Another place I’ll always cherish among my experiences that no longer exists is a house. It is difficult to grapple with what existed, what exists and how it’s all perceived. When it did exist I loved how it made me feel, like the dead ran their fingers through my hair. It wasn’t for us. It wasn’t ours but we made it ours.
Arthur Hammerstein, had a two story, fifteen room tudor style mansion ambitiously built in 1924 on the waters of the East river where it collided with the Long Island Sound. Hammerstein had to sell his beautiful estate, which he named Wildflower, during the depression. The name of the house immediately brought to mind the Ghostface Killah song, a favorite off his solo debut, Ironman. The house changed many hands like the inspiration of the song. At one point becoming a catering hall, called Ripples on the Water, which we affectionately shortened to simply, Ripples.
A special house to me and our team. Undeniably, there was something otherworldly about it, something spooky, and phantasmagoric. Ripples felt supernatural, like one of those haunted houses in old horror movies, ones I wished I could live in, though my house was more frightening than any of them. The Wildflower estate did not have blood dripping from its walls, but it certainly had its own specters and legend. While we may have broken in and trespassed I always felt welcome in Hammerstein’s abode.
It was a portal to another time, assuming that an earlier time frame might be better, that it might be easier, but I don’t know if that is necessarily true. Any other time seemed like it would be an improvement.
Those dark halls of the mansion allowed my mind to wander off, to let the tricks be played, all in good fun. My mind wandered up and down the corridors, giving permission for the ghosts and goblins to emerge from the darkened shadows. I wanted to make them my roommates. I wanted to claim Hammerstein’s abandoned home as my own residence. My own private Boleskin, full of magic and ritual. A part of me will always want to go back to being a scrawny, anxious twelve year old boy exploring the house, when life still had some wonder and mystique.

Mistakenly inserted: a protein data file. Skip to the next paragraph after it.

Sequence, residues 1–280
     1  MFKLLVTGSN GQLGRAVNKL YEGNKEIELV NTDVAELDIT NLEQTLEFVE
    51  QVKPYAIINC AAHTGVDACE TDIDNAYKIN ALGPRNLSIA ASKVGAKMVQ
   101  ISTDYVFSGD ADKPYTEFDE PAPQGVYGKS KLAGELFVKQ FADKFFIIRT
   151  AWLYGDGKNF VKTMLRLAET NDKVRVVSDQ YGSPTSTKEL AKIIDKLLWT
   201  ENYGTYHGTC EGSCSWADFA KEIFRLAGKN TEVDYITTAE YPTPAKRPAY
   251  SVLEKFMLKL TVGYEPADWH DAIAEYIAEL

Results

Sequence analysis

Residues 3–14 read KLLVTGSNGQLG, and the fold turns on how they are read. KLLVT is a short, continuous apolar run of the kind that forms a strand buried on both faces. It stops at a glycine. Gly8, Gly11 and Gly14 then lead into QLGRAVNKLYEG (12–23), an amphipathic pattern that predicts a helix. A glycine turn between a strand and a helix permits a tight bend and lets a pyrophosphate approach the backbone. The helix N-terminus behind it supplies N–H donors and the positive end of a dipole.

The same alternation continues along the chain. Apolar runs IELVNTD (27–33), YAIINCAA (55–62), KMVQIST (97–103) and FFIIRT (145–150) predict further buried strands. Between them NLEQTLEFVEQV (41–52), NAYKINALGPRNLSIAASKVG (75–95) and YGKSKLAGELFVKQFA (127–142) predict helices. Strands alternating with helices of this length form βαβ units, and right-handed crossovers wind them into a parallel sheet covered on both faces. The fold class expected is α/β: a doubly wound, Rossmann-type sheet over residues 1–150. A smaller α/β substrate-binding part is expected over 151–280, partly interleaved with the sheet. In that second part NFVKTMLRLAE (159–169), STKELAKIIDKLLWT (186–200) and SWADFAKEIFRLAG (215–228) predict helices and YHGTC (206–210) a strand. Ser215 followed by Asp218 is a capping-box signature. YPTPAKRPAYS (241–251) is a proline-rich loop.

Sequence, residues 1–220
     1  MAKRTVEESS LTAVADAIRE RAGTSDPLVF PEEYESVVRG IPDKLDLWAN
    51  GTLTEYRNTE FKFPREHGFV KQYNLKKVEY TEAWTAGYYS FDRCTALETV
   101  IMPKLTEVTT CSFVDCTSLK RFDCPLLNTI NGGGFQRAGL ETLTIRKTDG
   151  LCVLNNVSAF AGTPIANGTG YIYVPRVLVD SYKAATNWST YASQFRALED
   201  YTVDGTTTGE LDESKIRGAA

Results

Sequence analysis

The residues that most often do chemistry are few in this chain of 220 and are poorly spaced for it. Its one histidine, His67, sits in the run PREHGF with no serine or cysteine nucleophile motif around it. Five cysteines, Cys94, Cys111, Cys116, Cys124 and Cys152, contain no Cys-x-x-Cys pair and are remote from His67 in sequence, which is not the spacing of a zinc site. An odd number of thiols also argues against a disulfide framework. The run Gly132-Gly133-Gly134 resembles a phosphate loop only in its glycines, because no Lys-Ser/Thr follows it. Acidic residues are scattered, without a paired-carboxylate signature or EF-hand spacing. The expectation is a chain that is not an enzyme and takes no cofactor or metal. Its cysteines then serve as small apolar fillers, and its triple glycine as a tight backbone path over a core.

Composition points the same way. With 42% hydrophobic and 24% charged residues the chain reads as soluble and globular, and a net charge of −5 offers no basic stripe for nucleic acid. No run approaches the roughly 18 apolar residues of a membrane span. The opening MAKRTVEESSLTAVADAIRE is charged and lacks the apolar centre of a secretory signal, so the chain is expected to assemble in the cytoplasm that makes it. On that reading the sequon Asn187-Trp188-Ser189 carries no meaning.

The lot of us would walk, bike, or ride the Q15 to the last stop to visit the house. Sneaking past any security and entering through one of the many broken windows. Sometimes the front door would be cracked wide open making it even easier. The inside of the house was covered in graffiti as most things were then, some of the graffiti was from my favorite writers, writers who would become my friends. A few rooms had working electricity but mostly the only light came from cracks in the boarded windows and holes in the roof. We explored the house every single time we trespassed. From the attic to the basement, we even found a trap door that led down a flight of stairs and into an enclosed room with an old, empty safe. We banded together and searched the house to ensure we were the only occupants, with some baseball bats, and a knife or two, once the house was deemed clear we made teams and played manhunt. It was thrilling, that feeling of absolute fear, the uncertainty of what was lurking in the darkness, that Lovecraftian unknown while sitting and hiding in old closet. I hid in someone’s bedroom listening to the sounds of running footsteps, my friend’s chatter and the breathing of the house. I expected to see something from beyond this world in those rooms. I hoped to see something unexplainable, but I was always disappointed, nothing ever presented itself besides maybe Ozzy’s grinning face as he tried to tag me, saying “you’re it.”
I wanted the Hammerstein mansion to stay mysterious forever. I wanted it for selfish reasons, as I desperately wanted something of my own, but I knew even then nothing lasts. The Hammerstein estate was in the midst of a sad legal dispute. Developers wanted to make a profit on it and others like myself in the community wanted it landmarked and preserved for the ages. It was oddly coincidental that a fire would occur and cause just enough damage that the developers would win since there was no longer enough to save the house. When the Wildflower burned, it should have burned down to the ground and nothing but hell should have arose in its place.
Will these places that we coveted, these parks we defended, these zip codes we repped, these people we loved, these memories we made, all of these things we invested ourselves in, will they matter or burn into nothingness? Everything was temporary. I said it before and I’ll say it again, the only way to find comfort is that it was great while it lasted.